Google announced that it is strengthening its advertising policy to address clickbait-related tactics. Under the new policy, Google will prohibit "ads that use tragedies, scandals and shame to pressure people to click immediately, when the claim is either false or lacks urgency."

Noting that it took down more than 51 million sensationalist ads in 2019, Google said that it has seen an increase in "bad actors using pressure tactics, celebrity images, cliffhanger language and graphic content to gain more clicks." In addition, Google said, "We are committed to creating a high-quality experience for our users, where the promotion is clear from the ad itself."

Specifically, under the new policy, Google will prohibit, "Ads that use clickbait tactics or sensationalist text or imagery to drive traffic." This includes, for example:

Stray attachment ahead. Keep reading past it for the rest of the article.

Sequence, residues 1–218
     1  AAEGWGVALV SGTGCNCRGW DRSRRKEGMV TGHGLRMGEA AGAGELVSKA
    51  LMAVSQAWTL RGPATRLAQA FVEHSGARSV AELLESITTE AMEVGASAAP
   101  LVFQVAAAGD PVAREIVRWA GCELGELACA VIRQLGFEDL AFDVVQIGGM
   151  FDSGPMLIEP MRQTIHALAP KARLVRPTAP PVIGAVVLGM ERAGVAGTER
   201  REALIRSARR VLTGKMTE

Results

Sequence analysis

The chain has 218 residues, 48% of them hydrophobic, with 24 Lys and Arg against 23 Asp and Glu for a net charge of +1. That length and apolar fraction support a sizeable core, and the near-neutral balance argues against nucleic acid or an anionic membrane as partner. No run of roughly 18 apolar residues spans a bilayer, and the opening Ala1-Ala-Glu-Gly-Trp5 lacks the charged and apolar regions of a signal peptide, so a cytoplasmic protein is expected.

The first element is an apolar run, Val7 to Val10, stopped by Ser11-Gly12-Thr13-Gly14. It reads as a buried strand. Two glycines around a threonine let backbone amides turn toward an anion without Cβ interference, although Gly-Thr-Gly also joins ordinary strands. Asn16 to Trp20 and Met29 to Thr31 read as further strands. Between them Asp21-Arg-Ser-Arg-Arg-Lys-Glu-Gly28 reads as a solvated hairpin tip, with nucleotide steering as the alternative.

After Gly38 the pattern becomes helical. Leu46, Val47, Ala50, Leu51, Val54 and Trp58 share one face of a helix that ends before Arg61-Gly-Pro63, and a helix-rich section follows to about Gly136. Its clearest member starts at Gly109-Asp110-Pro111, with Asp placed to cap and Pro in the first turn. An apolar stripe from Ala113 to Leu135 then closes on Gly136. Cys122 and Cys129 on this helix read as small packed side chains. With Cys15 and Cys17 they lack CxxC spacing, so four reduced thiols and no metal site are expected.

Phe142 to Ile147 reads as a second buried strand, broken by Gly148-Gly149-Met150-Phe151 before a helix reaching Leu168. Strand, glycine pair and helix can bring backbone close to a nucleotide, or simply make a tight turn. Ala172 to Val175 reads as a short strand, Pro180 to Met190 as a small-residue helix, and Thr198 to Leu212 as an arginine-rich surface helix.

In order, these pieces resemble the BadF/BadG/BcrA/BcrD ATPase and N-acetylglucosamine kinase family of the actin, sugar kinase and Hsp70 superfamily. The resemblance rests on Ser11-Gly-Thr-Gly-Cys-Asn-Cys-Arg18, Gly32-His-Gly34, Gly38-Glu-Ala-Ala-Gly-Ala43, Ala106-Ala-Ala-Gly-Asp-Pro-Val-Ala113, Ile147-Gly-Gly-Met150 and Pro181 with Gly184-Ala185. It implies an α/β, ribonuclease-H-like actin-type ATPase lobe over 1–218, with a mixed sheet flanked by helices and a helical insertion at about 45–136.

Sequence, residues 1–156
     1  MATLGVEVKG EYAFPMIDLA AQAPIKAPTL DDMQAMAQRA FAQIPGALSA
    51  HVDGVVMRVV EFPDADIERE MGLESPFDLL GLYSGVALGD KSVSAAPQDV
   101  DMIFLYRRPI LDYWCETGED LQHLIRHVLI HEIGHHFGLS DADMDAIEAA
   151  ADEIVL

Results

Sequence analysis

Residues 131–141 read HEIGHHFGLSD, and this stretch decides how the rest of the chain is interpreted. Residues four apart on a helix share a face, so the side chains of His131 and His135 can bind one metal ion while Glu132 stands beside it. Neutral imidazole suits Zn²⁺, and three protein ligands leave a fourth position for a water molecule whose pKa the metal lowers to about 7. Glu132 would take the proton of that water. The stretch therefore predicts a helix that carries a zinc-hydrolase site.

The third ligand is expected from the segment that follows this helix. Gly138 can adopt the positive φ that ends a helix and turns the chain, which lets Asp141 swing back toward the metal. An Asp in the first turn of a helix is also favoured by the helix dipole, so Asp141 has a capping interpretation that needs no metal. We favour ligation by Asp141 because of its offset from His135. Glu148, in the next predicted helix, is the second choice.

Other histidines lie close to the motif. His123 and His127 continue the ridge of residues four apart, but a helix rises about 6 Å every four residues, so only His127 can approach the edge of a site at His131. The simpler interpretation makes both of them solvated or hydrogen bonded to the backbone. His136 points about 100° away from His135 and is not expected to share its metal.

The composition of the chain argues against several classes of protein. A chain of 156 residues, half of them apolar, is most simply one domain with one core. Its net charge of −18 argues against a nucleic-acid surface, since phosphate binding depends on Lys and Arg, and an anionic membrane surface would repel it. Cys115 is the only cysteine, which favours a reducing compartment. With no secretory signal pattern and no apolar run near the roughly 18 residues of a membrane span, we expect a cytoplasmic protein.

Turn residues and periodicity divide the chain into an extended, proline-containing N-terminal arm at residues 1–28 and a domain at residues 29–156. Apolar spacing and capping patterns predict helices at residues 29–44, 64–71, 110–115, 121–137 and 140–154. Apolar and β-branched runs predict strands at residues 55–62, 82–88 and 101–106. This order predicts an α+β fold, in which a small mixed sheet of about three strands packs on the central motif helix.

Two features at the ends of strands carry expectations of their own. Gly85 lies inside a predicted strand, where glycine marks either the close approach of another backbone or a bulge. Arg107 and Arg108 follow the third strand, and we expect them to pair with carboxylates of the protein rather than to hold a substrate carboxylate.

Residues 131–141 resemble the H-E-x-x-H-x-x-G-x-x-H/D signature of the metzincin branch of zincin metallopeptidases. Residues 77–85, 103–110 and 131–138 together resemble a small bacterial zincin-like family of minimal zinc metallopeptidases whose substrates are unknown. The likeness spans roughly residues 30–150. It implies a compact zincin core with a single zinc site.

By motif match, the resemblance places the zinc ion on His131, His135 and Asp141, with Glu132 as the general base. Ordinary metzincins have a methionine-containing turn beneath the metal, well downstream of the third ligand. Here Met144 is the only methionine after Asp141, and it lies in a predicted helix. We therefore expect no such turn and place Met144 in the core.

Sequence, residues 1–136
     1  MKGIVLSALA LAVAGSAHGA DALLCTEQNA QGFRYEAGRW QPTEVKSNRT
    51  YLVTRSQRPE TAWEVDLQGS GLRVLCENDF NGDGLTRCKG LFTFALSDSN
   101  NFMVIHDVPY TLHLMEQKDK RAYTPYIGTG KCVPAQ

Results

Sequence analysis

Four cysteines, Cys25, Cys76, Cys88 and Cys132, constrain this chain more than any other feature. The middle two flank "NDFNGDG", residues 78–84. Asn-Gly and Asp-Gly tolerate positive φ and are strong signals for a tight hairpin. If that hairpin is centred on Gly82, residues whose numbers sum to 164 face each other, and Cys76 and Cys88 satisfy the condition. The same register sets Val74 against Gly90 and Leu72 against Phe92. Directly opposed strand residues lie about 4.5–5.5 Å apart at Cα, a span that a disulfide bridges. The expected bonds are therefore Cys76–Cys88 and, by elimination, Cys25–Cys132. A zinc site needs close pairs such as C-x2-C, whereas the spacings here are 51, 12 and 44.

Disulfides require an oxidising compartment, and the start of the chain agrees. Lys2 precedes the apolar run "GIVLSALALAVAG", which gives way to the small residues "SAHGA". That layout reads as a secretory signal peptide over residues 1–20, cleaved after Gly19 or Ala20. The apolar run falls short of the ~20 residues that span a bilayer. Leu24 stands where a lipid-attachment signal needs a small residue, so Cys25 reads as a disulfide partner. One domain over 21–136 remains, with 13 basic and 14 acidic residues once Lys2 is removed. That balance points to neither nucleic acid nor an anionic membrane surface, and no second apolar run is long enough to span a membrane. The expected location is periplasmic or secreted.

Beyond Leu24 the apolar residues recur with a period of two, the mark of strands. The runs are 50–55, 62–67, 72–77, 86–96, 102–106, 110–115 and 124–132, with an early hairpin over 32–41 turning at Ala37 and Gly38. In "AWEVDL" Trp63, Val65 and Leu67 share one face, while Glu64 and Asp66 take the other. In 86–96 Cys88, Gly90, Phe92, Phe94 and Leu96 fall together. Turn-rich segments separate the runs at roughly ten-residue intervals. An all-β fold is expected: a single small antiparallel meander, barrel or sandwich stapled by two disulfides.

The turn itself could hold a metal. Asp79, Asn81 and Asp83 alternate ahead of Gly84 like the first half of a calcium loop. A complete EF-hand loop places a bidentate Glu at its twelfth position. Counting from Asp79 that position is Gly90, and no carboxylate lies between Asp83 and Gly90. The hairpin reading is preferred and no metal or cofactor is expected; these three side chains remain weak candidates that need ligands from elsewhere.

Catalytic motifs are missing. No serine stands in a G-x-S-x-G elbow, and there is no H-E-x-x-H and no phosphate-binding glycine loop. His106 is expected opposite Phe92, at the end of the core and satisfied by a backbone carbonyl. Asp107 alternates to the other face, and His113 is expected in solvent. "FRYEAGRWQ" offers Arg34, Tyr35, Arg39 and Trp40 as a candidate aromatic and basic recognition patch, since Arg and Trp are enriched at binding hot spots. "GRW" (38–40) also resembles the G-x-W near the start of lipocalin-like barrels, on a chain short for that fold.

• Ads that claim to reveal secrets, scandals or other sensationalist information about the product or service being advertised;
  • Ads which use clickbait messaging such as ‘‘Click here to find out,” “You won’t believe what happened,” and similar phrases which encourage the user to click on the Ad in order to understand the full context of the ad;
  • Ads which use clearly altered zoomed in body parts, mugshots, or real life accident or disaster photos to promote a product or a service; and
  • Ads which use “before and after” images to promote significant alterations to the human body.

The new policy will also prohibit, "Ads that use negative life events such as death, accidents, illness, arrests or bankruptcy to induce fear, guilt or other strong negative emotions to pressure the viewer to take immediate action." This includes, for example, ads that pressure the user to purchase a product and ads which use depictions of severe distress, pain, fear, or shock to promote a product or service.

"We are committed to creating a high-quality experience for our users, where the promotion is clear from the ad itself"